Occurrence of multiple number of losses in pregnancy is known as Recurrent Pregnancy Loss. It is the involuntary ending of a pregnancy that is clinically recognized before 20 weeks. The clinically-recognized pregnancy is the visualization of the pregnancy on an ultrasound or identification of the pregnancy tissue after the pregnancy loss.
- A large number of pregnancy losses occur due to genetic or chromosomal abnormalities and these events are random. The cause of the abnormality might be in the sperm, the egg and the early embryo.
- It is approximated that around 12-15% of the clinically-recognized pregnancies terminate in miscarriages.
- Increase in the risks of miscarriage is associated with an increase in maternal age. This is due to eggs of poor quality which lead to chromosomal and genetic abnormalities.
- It is possible that the parents might have a small genetic irregularity which may affect their children more seriously resulting in a miscarriage.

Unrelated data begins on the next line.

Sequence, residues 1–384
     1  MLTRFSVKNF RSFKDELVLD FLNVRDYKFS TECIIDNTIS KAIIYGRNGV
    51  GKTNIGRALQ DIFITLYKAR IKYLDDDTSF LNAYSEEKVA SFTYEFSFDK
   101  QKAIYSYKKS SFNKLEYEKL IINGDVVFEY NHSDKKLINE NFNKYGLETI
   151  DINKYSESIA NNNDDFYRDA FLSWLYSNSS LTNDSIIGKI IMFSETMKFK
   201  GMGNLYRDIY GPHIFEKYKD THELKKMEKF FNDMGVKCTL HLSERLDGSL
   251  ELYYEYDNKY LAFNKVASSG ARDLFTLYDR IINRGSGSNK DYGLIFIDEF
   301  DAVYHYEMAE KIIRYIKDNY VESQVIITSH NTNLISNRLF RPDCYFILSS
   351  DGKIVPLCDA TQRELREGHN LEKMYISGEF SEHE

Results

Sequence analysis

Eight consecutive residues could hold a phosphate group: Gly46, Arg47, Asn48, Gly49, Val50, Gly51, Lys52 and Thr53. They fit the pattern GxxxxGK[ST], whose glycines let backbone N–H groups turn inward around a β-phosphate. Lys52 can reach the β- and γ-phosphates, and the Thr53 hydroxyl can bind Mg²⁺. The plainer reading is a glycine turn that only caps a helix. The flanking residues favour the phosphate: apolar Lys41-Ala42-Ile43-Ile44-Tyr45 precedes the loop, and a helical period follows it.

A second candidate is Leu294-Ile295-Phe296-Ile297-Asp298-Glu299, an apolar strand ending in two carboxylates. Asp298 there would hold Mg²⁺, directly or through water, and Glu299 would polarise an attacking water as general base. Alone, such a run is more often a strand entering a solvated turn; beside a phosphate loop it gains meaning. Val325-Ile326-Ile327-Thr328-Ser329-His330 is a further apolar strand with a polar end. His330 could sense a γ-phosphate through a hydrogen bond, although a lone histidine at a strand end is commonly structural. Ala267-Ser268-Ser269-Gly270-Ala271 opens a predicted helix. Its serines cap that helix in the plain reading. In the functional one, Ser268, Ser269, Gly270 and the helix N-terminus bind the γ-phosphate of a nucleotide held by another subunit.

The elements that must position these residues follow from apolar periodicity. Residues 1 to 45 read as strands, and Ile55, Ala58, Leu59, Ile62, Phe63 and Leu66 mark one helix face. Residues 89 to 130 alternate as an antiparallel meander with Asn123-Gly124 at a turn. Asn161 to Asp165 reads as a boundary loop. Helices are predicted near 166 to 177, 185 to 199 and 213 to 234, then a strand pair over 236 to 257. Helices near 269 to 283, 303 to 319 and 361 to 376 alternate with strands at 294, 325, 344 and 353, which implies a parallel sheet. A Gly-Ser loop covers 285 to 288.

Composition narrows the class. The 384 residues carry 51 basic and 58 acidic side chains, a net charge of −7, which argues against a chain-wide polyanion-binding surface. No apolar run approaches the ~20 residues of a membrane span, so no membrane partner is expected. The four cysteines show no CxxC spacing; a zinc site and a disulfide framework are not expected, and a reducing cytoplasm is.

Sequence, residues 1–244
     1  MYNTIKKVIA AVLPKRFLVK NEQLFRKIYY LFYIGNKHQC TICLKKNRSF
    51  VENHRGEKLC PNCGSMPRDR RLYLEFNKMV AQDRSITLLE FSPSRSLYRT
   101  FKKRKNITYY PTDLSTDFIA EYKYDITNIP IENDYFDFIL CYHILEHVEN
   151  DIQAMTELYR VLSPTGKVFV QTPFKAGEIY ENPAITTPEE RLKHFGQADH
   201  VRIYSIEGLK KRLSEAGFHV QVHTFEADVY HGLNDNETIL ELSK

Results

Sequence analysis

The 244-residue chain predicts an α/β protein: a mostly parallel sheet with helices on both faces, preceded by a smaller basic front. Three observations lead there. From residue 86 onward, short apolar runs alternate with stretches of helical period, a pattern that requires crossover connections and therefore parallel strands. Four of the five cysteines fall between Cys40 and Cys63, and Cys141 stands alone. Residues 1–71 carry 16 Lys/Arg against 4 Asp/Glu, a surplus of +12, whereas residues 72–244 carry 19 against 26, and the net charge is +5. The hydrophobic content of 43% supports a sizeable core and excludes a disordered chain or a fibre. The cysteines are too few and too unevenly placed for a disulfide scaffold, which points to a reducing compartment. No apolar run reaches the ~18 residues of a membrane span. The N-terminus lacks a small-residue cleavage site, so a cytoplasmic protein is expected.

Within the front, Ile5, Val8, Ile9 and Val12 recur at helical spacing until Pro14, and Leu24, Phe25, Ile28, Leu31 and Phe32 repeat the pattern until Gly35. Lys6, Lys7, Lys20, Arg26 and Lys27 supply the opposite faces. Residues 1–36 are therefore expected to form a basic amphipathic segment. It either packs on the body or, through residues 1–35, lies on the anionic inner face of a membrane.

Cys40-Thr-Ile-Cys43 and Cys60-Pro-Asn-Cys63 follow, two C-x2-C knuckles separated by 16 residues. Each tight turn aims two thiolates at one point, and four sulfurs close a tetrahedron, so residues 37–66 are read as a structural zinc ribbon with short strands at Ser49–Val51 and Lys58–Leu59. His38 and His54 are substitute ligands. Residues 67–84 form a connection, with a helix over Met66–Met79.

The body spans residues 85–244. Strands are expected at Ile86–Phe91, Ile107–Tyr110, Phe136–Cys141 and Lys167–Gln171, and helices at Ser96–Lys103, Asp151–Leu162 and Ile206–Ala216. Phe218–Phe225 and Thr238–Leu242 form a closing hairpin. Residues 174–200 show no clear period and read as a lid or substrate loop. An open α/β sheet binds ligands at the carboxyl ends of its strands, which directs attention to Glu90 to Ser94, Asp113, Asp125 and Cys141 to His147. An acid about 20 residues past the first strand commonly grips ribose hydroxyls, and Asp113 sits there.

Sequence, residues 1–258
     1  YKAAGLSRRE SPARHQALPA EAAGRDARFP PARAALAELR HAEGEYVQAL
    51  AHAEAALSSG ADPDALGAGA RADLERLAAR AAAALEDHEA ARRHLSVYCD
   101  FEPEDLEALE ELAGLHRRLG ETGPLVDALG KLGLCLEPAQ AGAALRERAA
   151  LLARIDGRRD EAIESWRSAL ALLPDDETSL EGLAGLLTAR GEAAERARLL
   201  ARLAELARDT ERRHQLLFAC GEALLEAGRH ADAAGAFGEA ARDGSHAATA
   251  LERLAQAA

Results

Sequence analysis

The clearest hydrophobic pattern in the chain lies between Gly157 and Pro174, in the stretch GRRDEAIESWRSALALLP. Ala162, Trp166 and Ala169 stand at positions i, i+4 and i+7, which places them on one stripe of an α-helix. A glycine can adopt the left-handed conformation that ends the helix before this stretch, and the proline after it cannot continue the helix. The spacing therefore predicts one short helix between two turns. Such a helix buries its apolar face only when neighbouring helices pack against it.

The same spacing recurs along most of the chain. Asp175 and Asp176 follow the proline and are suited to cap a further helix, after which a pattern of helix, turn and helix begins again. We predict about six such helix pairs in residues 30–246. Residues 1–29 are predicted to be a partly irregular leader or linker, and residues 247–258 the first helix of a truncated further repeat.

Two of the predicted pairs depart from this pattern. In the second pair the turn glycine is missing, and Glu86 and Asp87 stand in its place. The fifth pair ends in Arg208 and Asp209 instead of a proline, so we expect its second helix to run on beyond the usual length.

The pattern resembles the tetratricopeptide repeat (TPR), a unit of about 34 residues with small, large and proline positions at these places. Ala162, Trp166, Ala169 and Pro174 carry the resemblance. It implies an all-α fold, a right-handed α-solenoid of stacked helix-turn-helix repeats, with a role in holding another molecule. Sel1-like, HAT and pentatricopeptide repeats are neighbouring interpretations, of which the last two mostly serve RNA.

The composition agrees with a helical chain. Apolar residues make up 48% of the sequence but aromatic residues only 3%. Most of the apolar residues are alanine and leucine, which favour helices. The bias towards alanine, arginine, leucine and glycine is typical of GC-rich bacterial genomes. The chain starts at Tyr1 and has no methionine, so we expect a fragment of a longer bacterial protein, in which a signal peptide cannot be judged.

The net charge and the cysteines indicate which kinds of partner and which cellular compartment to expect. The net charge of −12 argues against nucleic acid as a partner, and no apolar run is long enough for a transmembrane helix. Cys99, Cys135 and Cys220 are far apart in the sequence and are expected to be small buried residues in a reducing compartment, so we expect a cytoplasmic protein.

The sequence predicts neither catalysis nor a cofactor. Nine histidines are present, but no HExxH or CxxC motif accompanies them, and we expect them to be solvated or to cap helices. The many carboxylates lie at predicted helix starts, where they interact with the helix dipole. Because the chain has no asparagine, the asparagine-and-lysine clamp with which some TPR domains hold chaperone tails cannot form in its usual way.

- An abnormality occurring in the uterus can also lead to a miscarriage.
- Irregularity in the shape of the uterus or poor supply of blood to the uterus can also lead to miscarriages. These may be developed over time.
- The immune system of a woman might also affect multiple pregnancy losses.
Hormonal abnormalities such as diabetes and thyroid diseases also impact recurrent pregnancy loss. However, factors such as environment, stress or occupation do not appear to affect pregnancy loss.
The underlying reason for recurrent pregnancy loss forms the foundation upon which recommendations regarding the treatment are provided. However, despite the results of the work-up, the chances of a successful pregnancy in the future is high. It is estimated that the success rate is 77% if no abnormalities are found and 71% if it was found.